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Times get tough for Belgian taxpayers

New reporting obligations in financial accounts for intercompany transactions and off-balance arrangements and the increasing use by the tax authorities of disclosures in FIN 48 reports to select taxpayers for transfer pricing audits, have complicated companies’ tax affairs in Belgium

New reporting obligations

A Royal Decree dated August 10 2009 (published in the Belgian Official Gazette of August 24 2009) instructs corporations in Belgium to report all material non-arm’s length intercompany transactions in their annual accounts. No further guidance is provided on what results in a transaction being material.

Extensive reporting obligations apply to corporations listed on a stock exchange or traded on a multilateral trading facility and those that meet more than one of the criteria for being considered a large group (as defined in the Belgian Companies Code). These corporations should report this information about the qualifying transactions:

· the amounts involved in the transactions;

· the nature of the relationship with the related parties; and

· any other information that is needed to obtain an accurate view on the financial situation of the corporation.

The other corporations only have to report direct and indirect transactions between the corporation and its major shareholders and its leadership (for example, the members of the board of directors).

The nature and the business purpose of material off-balance sheet arrangements of which the risks and benefits may influence (the assessment of) the financial situation of a corporation will also have to be reported in the financial accounts. In addition, the corporations subject to the extensive reporting obligations for intercompany transactions will have to quantify the financial impact of the off-balance sheet arrangements on their financial situation.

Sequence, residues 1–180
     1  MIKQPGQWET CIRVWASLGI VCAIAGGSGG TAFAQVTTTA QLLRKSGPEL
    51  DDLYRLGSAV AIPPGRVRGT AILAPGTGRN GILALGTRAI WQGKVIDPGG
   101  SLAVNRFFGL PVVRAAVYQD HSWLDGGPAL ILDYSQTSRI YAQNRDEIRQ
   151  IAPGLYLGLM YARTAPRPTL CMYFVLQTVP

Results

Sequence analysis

These new reporting obligations, both for the intercompany transactions and for the off-balance sheet arrangements, apply to financial years starting on or after September 1 2008.

Documenting the arm’s-length character of intercompany transactions and the nature and business purpose of off-balance sheet arrangements and meeting the related new reporting obligations will be of importance to protect the rights of the corporation’s executives responsible for (and involved in the drafting of) the financial accounts Furthermore, corporations will have to demonstrate towards their Belgian statutory auditor that the corporation was not involved in material non-arm’s-length intercompany transactions and/or in abnormal off-balance sheet arrangements to obtain sign-off on the financial accounts.

Disclosures in FIN 48 reports

The Belgian tax authorities have revealed that they will start using the disclosures made by groups in FIN 48 reports to select groups present in Belgium for an audit by the special transfer pricing audit department. This unit was set up late 2004 and consists of Belgian tax inspectors specialised in transfer pricing matters.

Multinational groups present in Belgium and having disclosed tax contingencies resulting from transfer pricing matters should prepare themselves for the fact that they will receive an extensive questionnaire from the special transfer pricing audit department on their transfer prices.

Having filed the answers to the questions raised in this questionnaire, the corporations will be subjected to several visits from the special transfer pricing audit department and will have to make a significant investment to avoid transfer pricing adjustments.

Dirk Van Stappen (dvanstappen@kpmg.com)



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